The defendant next assigns as error the trial court's refusal to submit three nonstatutory mitigating circumstances to the jury. The three nonstatutory mitigating circumstances requested by the defendant but not submitted by the trial court were (1) residual or lingering doubt as to the defendant's guilt, (2) trauma the defendant suffered as a result of the suicide of a close friend and as a result of receiving rabies treatment, and (3) the defendant's positive influence on an emotionally handicapped child. The defendant contends that the failure to submit these three nonstatutory mitigating circumstances on the issues and recommendation form given the jury during the capital sentencing proceeding was prejudicial error. We disagree.

In order for defendant to succeed on this assignment, he must establish that (1) the nonstatutory mitigating circumstance is one which the jury could reasonably find had mitigating value, and (2) there is sufficient evidence of the existence of the circumstance to require it to be submitted to the jury. Upon such showing by the defendant, the failure by the trial judge to submit such nonstatutory mitigating circumstance to the jury for its determination raises federal constitutional issues.

State v. Benson, 323 N.C. 318, 325, 372 S.E.2d 517, 521 (1988) (citations and footnote omitted). Bearing these principles in mind, we turn to consider the trial court's failure to submit the three nonstatutory mitigating circumstances at issue here on the form given the jury.

Trial courts should not submit lingering doubt of guilt as a mitigating circumstance. See Franklin v. Lynaugh, 487 U.S. 164, 487 U.S. 164, 101 L. Ed. 2d 155, *779 reh'g. denied, 487 U.S. 1263, 109 S. Ct. 25, 101 L. Ed. 2d 976 (1988) (submission of doubt of guilt as mitigator not constitutionally required). Lingering or residual doubt as to the defendant's guilt does not involve the defendant's character or record, or the circumstances of the offense. Id. Therefore, residual doubt is not a relevant circumstance to be submitted in a capital sentencing proceeding.

The trial court also properly refused to submit the requested nonstatutory mitigating circumstance, "The defendant suffered trauma as a child due to the suicide of a close friend." The defendant presented no evidence that the death of his friend caused him any trauma. The defendant never mentioned the friend's suicide to his psychiatrist or during his testimony. We conclude that no reasonable juror could have found this mitigating circumstance to exist from the evidence offered by the defendant. Therefore, the trial court did not err in refusing to submit this nonstatutory mitigating circumstance.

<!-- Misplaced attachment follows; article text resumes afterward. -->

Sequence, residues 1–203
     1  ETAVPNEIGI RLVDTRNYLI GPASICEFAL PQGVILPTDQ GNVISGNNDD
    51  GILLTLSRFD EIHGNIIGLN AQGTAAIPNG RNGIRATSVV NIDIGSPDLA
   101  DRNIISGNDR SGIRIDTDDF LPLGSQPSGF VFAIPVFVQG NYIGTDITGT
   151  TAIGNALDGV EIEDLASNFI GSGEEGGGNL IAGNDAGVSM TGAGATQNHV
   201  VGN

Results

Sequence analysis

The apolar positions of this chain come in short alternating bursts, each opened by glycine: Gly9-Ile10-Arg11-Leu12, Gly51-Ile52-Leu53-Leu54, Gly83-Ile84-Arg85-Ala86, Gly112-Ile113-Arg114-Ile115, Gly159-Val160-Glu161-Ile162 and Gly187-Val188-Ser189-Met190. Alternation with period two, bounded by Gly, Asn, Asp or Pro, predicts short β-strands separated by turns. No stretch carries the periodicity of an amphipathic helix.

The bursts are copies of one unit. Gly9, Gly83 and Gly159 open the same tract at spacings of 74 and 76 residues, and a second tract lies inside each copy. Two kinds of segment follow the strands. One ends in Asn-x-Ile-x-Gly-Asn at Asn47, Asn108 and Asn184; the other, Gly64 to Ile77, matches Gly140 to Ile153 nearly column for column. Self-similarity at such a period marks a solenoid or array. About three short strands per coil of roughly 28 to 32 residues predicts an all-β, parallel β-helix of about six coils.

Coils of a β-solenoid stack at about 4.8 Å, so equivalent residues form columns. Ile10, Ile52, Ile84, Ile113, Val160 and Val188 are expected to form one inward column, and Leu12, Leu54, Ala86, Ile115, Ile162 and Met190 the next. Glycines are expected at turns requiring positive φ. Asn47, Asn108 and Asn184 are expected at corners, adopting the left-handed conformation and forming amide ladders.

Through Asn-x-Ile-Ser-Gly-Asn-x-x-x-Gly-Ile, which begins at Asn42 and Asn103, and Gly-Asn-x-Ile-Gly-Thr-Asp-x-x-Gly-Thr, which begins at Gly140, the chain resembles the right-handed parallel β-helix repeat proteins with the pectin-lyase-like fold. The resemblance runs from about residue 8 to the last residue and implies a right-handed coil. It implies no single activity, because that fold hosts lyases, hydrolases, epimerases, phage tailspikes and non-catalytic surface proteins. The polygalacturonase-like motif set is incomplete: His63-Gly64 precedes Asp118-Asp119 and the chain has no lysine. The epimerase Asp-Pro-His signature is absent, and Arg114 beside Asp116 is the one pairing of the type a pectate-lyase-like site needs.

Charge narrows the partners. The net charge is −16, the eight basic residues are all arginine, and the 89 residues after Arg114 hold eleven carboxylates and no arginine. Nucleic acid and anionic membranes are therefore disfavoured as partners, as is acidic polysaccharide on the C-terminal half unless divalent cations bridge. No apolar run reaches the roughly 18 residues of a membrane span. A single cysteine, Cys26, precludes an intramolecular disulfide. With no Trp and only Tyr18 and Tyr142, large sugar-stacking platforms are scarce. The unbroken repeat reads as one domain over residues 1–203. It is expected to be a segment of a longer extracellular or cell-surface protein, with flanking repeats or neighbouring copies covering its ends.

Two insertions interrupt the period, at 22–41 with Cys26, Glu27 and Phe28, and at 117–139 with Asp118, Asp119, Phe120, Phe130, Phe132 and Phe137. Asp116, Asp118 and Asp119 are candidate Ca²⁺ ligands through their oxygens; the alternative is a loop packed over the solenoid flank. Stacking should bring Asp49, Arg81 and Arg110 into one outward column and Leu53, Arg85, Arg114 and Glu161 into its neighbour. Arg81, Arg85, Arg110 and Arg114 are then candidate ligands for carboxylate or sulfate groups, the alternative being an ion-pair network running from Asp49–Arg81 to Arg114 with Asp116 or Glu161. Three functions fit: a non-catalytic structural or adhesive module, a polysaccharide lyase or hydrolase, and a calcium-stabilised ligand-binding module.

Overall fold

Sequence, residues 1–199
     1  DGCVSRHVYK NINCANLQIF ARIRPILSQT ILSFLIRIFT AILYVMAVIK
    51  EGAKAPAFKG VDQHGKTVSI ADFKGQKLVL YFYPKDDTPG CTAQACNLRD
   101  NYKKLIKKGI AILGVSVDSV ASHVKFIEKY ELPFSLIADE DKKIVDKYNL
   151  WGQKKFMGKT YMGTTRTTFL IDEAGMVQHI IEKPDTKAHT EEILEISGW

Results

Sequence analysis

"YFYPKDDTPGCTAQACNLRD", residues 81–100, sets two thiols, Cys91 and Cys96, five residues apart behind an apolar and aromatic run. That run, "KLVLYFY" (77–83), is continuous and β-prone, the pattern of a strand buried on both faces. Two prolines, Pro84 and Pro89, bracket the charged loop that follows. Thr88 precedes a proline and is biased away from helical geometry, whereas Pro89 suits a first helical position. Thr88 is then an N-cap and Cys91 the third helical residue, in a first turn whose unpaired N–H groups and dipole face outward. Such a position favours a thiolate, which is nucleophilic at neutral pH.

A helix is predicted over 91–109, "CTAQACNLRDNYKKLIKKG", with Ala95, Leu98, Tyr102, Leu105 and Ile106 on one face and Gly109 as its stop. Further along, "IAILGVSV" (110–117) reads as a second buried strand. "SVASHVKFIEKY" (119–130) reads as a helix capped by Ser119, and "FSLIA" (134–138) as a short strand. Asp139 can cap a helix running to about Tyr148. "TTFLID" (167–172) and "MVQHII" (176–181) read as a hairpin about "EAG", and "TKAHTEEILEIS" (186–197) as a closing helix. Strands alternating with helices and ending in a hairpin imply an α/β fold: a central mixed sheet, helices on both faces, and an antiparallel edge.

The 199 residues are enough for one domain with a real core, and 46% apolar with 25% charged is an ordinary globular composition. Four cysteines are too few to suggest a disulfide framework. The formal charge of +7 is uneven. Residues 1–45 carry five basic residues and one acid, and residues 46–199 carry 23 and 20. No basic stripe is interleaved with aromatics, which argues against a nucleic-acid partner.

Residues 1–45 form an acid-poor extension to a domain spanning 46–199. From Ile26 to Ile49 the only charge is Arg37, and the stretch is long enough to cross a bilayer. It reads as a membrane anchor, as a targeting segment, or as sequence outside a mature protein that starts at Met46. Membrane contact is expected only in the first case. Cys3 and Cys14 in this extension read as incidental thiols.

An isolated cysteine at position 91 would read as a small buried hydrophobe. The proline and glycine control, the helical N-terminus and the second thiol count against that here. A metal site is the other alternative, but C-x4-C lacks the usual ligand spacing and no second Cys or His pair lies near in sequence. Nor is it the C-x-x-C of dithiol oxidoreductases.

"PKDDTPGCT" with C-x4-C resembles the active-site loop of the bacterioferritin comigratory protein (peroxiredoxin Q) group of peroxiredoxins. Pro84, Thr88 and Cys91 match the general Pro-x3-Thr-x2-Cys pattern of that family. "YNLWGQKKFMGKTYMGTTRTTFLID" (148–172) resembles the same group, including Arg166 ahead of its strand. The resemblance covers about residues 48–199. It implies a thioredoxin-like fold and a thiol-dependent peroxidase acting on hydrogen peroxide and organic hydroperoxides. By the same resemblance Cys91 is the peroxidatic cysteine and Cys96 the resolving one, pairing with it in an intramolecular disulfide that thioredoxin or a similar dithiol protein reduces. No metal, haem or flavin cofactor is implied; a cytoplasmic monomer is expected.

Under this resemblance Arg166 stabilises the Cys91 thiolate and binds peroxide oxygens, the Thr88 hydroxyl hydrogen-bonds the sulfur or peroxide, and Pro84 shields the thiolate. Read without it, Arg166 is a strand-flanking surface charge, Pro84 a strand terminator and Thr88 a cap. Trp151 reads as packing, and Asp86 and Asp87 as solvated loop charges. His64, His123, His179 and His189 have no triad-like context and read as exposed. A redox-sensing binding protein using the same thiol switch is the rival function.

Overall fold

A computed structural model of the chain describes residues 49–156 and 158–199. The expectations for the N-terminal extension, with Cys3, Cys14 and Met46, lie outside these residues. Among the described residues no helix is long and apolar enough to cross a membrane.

The defendant also contends under this assignment that the trial court erred by failing to submit for jury consideration a nonstatutory mitigating circumstance to the effect that he had suffered trauma as a result of being bitten by a rabid dog as a child. The record on appeal reflects that the defendant did not include this nonstatutory mitigating circumstance among those he listed in his written request for instructions on mitigating circumstances. Nor does the record reflect that the defendant ever made a timely written request that this nonstatutory mitigating circumstance be submitted to the jury for its consideration. Absent such a request, the failure of the trial court to submit the nonstatutory mitigating circumstance for the jury's consideration was not error. See State v. Cummings, 326 N.C. 298, 324, 389 S.E.2d 66, 80-81 (1990).

The defendant also argues under this assignment that the trial court erred by failing to comply with the defendant's written request that it submit for the jury's consideration the mitigating circumstance that the "defendant was a positive influence on a behaviorally-emotionally handicapped child." In Cummings, we held that "where a defendant makes a timely written request for a listing in writing on the form of possible nonstatutory mitigating circumstances that are supported by the evidence and which the jury could reasonably deem to have mitigating value, the trial court must put such circumstances in writing on the form." Id. at 324, 389 S.E.2d at 80 (emphasis in the original). Our holding in Cummings was made applicable prospectively to all capital proceedings tried after 1 March 1990. Id. at 324, 389 S.E.2d at 81. The case at bar was tried at the 2 October 1990 Session of Superior Court, Buncombe County, and, therefore, the holding of Cummings governs here. Id. The evidence presented by the defendant during the sentencing phase was sufficient to support submission of this circumstance, which a reasonable jury could find to be a mitigating circumstance. Therefore, we must conclude that the trial court erred by not submitting this nonstatutory mitigating circumstance on the issues form to the jury.